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Can I go Skiing in Iceland?

Updated: Nov 21, 2019

In a country famed for its long winters and volcanic terrain, you might think that it would be known for skiing. Not so though. You will rarely hear a snow hound say that they are taking their skis on a long weekend in Iceland. More like the Alps or the Canadian Rockies.


That’s not to say that there isn’t some great skiing to be found in Iceland though. It just happens on a smaller scale here. There are also some pretty incredible things to get up to off of the slopes. There aren’t many ski destinations where you’ll have quite so many extracurricular choices! Combine skiing with a rental campervan road trip to some of Iceland’s highlights and you’ll enjoy an unforgettable vacation. Both on and off the slopes!

So, depending on your expectations and what you are looking for in a trip, Iceland might be just the place. In this article, we will take a closer look at the potential for snowboarding and skiing in Iceland. We will run you through what to expect both on and off the slopes. And we will also take a look at the main ski areas around the country.


What should I expect from the ski resorts in Iceland?

The ski resorts in Iceland are mostly found in the north of the country. There are a few slopes within really easy reach of Reykjavik too though. If you are used to skiing the mega-resorts of the Alps or similar then you will find Iceland’s resorts quite bijou. Winter sports are popular here but on a small island with a small population resort skiing is just different.


This also means that the slopes will be much quieter in general than you are likely accustomed to. This is great news for beginners who will get to practice on un-crowded blue and green runs. They won’t need to worry about avoiding groups of school children zipping around in front of them. So the ski slopes are calmer and quieter with less competition for ski lifts and space.


The resorts in Iceland are often to be found quite close together. Usually, they are within a very short drive of each other. So it is easy and convenient to ski one area in the morning and then change it up in the afternoon.


When is the ski season in Iceland?

The best months for skiing and snowboarding in Iceland are March and April. But the full ski season usually runs from late November to early May depending on the weather. Snow conditions are generally best in March and April when the weather is more settled. The daylight hours are longer than in mid-winter and the slopes still have good snow coverage.

The main ski areas in Iceland


Bláfjöll Ski Resort

This is the South Iceland ski resort of choice at just thirty minutes' drive from the capital. This is where Reykjavik locals head at the weekend or for a sneaky after-work ski. There are sixteen ski lifts and a good range of slopes to suit all levels of skier or snowboarder. The slopes are floodlit during the winter months when the daylight hours are in short supply. There is even backcountry skiing to be had here. It is often possible to see the Northern Lights from the Bláfjöll slopes. So do be careful that the dancing lights of the Aurora don’t put you off balance!


Skiing in North Iceland

For a bigger range of ski areas, you’ll want to head to north Iceland and base your self in Akureyri. This is the largest town in the region and there many more options to choose from around here.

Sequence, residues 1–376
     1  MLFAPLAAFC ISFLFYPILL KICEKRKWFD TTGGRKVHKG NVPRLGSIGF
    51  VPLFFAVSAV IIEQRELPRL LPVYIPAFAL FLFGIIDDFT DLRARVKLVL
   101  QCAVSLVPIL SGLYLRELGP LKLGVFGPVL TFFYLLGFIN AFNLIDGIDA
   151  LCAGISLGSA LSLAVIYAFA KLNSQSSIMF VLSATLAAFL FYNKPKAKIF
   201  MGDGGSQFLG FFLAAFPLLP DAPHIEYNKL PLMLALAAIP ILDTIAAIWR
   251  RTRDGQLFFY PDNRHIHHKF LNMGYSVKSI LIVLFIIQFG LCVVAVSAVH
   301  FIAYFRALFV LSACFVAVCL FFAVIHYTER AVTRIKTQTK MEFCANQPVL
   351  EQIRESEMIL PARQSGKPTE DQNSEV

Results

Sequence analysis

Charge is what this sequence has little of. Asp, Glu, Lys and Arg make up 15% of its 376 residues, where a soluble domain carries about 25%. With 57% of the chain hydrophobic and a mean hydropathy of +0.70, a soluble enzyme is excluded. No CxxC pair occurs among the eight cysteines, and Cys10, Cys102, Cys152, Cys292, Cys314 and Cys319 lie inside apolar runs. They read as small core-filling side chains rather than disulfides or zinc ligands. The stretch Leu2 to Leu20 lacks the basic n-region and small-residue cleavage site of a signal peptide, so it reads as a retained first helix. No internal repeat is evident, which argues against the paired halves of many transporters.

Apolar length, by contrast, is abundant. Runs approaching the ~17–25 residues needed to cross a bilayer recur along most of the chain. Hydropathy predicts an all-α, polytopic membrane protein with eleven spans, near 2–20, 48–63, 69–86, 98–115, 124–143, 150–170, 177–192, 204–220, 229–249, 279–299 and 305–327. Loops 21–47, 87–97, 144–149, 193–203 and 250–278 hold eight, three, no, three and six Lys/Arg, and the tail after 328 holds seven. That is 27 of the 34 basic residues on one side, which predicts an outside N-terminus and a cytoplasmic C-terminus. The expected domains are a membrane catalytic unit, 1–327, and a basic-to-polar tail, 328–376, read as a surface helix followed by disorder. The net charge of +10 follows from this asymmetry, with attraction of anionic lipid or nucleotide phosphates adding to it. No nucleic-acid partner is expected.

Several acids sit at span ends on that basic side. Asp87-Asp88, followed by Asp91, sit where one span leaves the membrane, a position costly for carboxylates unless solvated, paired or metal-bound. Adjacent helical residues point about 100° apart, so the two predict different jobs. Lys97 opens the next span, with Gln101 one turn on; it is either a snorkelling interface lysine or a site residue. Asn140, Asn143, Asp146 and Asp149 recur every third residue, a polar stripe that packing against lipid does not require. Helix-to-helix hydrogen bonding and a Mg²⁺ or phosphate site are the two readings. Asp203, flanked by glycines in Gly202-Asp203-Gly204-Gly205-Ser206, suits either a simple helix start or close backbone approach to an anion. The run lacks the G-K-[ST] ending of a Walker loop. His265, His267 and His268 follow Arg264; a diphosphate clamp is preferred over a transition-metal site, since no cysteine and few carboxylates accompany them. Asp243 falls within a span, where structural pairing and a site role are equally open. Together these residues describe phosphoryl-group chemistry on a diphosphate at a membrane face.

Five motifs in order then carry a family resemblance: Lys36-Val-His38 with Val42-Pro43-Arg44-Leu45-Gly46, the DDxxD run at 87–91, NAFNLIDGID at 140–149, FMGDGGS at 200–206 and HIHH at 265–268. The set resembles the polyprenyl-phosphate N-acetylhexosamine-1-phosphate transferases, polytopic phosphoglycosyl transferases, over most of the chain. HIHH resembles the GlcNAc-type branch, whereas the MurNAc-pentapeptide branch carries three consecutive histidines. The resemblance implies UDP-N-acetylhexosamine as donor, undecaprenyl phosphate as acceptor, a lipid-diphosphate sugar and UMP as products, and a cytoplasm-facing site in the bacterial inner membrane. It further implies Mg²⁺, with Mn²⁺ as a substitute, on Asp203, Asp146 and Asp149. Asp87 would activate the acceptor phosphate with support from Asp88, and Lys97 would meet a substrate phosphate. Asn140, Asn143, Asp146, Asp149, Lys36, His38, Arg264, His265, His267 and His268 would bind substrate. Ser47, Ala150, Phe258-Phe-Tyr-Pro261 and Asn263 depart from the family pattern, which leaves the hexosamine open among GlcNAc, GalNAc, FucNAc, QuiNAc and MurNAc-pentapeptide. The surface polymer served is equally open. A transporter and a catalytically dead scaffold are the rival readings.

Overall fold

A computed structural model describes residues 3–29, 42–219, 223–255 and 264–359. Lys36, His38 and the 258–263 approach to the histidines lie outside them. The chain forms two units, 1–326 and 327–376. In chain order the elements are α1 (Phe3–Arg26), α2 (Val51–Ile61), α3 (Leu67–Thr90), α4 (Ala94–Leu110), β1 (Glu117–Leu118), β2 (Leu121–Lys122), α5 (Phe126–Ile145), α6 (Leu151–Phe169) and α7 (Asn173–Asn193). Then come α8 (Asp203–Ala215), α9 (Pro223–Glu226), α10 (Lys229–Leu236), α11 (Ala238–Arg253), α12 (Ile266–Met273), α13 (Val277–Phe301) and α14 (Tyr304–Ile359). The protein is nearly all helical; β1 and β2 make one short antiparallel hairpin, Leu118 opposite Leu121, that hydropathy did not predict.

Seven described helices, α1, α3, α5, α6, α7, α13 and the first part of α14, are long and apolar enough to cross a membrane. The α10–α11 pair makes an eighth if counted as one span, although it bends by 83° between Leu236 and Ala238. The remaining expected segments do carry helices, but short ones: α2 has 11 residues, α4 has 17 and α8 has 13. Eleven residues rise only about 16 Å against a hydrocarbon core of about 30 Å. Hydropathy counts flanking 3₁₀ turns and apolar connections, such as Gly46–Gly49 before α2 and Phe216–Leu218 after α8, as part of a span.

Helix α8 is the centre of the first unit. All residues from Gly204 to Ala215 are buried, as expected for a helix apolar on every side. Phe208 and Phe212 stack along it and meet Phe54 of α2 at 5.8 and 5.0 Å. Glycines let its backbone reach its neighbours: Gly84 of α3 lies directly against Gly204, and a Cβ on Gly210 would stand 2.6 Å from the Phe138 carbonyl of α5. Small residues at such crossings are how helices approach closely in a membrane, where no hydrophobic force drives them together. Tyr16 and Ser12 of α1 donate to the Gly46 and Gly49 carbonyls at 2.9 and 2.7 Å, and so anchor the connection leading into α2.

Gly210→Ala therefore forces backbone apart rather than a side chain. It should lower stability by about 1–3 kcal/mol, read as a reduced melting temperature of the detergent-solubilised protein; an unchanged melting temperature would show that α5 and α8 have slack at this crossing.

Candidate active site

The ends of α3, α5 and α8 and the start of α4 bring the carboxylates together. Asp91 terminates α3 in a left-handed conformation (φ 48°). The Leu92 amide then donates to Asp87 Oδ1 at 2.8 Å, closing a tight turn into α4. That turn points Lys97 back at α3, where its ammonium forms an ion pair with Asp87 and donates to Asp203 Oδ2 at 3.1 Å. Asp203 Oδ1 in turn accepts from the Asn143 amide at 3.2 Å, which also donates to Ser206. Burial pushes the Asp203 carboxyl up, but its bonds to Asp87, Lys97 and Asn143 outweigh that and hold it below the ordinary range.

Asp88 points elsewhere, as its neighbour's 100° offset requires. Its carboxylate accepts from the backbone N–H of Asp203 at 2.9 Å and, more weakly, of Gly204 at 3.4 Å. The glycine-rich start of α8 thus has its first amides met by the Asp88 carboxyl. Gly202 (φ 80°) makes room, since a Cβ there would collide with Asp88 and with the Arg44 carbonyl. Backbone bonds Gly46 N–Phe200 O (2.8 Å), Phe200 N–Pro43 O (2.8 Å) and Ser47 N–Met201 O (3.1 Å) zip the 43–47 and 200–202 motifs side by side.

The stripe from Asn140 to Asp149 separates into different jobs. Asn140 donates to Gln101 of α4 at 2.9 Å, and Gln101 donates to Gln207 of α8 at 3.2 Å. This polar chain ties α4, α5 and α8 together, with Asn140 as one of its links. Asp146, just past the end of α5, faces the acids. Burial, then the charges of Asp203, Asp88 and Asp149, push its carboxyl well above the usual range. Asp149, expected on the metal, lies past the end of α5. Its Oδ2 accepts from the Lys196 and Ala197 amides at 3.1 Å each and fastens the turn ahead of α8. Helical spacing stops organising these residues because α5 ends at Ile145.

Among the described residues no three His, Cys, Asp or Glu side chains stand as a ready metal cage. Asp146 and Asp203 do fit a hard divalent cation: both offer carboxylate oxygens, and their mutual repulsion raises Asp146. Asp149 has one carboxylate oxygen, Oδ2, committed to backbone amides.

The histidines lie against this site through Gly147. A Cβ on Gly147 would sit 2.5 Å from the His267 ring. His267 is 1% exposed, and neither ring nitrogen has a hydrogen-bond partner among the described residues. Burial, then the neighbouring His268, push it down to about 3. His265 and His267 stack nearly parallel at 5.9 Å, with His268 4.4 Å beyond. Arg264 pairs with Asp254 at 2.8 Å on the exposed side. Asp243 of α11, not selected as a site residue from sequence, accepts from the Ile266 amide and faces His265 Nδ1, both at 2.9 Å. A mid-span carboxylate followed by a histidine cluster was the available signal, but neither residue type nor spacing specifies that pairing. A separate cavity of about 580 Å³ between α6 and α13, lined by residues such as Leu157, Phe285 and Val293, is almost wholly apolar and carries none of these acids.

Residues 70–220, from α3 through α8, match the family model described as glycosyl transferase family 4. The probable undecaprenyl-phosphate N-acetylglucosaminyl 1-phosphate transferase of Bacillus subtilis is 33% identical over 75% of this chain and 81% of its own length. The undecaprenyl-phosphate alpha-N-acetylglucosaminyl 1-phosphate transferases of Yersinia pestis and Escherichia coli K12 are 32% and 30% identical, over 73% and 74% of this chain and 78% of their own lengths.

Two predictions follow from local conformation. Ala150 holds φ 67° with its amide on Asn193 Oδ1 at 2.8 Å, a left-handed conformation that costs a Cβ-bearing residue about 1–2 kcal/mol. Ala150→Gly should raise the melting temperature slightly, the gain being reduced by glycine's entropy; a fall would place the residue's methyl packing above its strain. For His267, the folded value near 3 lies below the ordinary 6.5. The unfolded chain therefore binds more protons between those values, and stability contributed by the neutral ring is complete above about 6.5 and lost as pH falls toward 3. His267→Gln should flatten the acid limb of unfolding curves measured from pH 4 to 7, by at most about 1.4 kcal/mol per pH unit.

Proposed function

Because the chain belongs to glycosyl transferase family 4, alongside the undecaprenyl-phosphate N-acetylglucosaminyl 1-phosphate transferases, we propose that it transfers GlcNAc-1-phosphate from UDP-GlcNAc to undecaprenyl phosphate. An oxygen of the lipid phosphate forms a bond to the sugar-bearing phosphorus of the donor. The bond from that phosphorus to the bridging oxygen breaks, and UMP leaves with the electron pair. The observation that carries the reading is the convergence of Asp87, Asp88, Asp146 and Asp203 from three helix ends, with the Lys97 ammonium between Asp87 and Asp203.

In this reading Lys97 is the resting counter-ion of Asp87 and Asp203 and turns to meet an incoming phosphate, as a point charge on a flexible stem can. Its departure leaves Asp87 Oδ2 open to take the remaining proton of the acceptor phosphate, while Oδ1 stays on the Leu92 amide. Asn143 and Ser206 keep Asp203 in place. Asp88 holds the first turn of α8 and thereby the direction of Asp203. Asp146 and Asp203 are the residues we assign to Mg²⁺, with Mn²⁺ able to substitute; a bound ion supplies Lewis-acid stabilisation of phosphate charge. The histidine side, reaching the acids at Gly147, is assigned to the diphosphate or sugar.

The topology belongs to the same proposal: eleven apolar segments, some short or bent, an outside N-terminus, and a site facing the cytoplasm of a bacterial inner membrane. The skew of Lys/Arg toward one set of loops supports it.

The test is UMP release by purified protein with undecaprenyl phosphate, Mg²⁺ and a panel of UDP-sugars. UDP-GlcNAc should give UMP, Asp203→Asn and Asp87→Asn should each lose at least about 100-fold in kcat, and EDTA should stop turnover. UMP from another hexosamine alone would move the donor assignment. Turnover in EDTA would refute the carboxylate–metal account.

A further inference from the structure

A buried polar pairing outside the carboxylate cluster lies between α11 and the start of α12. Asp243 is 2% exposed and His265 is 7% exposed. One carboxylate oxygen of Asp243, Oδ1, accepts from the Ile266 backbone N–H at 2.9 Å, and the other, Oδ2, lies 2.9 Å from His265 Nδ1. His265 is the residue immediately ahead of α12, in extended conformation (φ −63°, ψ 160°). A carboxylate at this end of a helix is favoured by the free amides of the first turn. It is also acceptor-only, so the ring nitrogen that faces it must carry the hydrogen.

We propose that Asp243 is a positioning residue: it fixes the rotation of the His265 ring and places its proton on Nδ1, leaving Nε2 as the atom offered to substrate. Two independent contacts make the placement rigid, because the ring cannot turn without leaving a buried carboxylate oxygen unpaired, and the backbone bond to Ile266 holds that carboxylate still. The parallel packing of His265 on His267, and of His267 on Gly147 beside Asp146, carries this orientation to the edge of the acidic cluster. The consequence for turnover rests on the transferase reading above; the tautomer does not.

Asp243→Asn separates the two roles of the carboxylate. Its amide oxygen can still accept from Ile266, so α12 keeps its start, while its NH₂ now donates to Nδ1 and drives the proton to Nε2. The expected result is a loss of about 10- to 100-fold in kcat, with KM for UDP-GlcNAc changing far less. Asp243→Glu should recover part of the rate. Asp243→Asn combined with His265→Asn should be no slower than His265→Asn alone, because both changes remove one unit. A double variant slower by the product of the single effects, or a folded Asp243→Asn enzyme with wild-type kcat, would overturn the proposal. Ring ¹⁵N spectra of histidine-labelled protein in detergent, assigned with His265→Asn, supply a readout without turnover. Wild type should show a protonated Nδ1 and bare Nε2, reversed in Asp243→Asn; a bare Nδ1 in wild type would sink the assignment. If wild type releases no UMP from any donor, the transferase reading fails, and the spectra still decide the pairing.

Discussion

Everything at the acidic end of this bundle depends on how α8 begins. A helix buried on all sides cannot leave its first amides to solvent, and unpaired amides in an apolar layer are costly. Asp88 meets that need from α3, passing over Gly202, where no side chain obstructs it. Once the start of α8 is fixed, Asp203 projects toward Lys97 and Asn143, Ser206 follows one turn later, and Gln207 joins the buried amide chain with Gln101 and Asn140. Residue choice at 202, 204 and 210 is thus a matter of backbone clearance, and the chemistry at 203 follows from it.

Hlíðarfjall Ski Resort

This is one of the most popular ski areas with 24 ski trails and six ski lifts. The snow conditions are consistently good and there is a good range of slopes. Beginners can take it easy and cruise the well-groomed greens and blues. While the more experienced can head up to a set of challenging black runs. There are quality ski schools here with English-speaking instructors. Views of the beautiful Eyjafjörður fjord greet you at every turn.


Dalvik Ski Resort

This small fishing village is about a forty-minute drive from Akureyri so it is perfect for a day trip. It is famous for being the training ground for some of Iceland’s biggest snow sports stars. The area is also known for its backcountry skiing. Specialist tour operators offer ski touring and cross country skiing in the area.


The Troll Peninsular

For the ultimate in Iceland, skiing trips head to the Tröllaskagi Peninsula in the far North. This is some of Iceland’s wildest terrain and it is a remote place steeped in folklore tales. If you’d like to encounter trolls in Iceland then this is the place to come! You can also enjoy some epic heli-skiing here. Pilots will fly you over the snowy peaks for some incredible views. There are runs that take you all the way down to the edge of the Atlantic Ocean. Skiing here is quite an experience!


Things to do off the slopes in Iceland

There is so much to do off of the slopes in Iceland. In fact, on any skiing trip to Iceland, you will likely spend at least 50% of your time sightseeing. With glaciers, geysers, waterfalls, and volcanoes to discover there’s no wondering why. Camping around Iceland in winter can be a great way to explore. Dividing your time between city-based skiing and exploring the incredible landscapes by road. Short distances are the name of the game for a winter road trip. Perhaps along Iceland’s south coast, around the Golden Circle or the Diamond Circle in the north.


Another must is a good long soak in one of the many hot springs in Iceland. In the Alps, you will find the classic resort combo of the ski by day and hot tub by night. But in Iceland, you can hop into a thermally heated outdoor hot spring. As we said, this is no ordinary place for a ski trip.

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